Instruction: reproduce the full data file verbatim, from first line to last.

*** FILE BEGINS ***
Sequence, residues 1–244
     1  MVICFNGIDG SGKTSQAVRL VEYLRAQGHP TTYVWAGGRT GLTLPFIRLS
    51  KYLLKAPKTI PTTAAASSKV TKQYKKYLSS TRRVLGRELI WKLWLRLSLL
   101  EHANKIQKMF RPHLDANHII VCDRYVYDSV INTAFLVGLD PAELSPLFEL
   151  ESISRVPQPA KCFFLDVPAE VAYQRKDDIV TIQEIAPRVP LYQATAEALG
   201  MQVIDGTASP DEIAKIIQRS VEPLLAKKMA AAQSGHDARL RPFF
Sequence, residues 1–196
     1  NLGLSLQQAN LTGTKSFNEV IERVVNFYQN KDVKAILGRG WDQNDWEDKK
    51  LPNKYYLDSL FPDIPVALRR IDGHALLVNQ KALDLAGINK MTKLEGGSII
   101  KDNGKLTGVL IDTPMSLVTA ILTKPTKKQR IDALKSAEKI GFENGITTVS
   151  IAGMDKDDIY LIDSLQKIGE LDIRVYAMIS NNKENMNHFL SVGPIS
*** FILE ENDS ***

Sequence, residues 1–244
     1  MVICFNGIDG SGKTSQAVRL VEYLRAQGHP TTYVWAGGRT GLTLPFIRLS
    51  KYLLKAPKTI PTTAAASSKV TKQYKKYLSS TRRVLGRELI WKLWLRLSLL
   101  EHANKIQKMF RPHLDANHII VCDRYVYDSV INTAFLVGLD PAELSPLFEL
   151  ESISRVPQPA KCFFLDVPAE VAYQRKDDIV TIQEIAPRVP LYQATAEALG
   201  MQVIDGTASP DEIAKIIQRS VEPLLAKKMA AAQSGHDARL RPFF
Sequence, residues 1–196
     1  NLGLSLQQAN LTGTKSFNEV IERVVNFYQN KDVKAILGRG WDQNDWEDKK
    51  LPNKYYLDSL FPDIPVALRR IDGHALLVNQ KALDLAGINK MTKLEGGSII
   101  KDNGKLTGVL IDTPMSLVTA ILTKPTKKQR IDALKSAEKI GFENGITTVS
   151  IAGMDKDDIY LIDSLQKIGE LDIRVYAMIS NNKENMNHFL SVGPIS